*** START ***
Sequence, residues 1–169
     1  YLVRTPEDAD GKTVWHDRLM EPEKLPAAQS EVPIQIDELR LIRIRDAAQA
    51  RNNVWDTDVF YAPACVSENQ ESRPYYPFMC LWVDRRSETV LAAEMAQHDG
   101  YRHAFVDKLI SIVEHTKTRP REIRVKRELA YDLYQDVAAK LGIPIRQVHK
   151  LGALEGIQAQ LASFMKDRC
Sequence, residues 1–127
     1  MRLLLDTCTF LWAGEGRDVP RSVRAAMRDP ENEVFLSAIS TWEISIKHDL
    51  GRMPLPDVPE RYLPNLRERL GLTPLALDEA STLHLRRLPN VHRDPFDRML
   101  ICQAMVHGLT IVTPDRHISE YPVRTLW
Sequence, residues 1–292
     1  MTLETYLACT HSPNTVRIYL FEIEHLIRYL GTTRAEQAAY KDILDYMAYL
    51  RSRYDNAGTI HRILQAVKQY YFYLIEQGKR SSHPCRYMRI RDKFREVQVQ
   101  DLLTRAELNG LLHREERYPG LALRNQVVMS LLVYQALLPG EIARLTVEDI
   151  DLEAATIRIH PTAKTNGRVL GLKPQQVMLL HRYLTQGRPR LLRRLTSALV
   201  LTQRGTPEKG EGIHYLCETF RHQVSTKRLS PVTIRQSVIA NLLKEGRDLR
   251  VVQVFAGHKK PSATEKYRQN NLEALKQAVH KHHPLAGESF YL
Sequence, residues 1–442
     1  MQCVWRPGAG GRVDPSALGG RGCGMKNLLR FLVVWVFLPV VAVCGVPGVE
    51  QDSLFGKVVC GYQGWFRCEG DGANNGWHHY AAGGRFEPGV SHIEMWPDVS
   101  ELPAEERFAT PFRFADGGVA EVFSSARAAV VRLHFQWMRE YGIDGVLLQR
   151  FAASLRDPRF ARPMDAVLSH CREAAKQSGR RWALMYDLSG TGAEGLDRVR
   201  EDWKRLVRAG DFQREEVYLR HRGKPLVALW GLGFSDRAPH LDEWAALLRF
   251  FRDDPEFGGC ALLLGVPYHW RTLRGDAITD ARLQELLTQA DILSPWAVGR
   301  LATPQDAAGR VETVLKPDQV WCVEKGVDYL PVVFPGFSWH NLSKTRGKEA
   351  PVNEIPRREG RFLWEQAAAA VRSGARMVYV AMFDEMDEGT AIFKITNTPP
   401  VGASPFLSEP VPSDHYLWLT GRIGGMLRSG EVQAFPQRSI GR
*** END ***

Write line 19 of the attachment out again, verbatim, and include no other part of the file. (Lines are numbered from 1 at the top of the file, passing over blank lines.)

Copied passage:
    51  QDSLFGKVVC GYQGWFRCEG DGANNGWHHY AAGGRFEPGV SHIEMWPDVS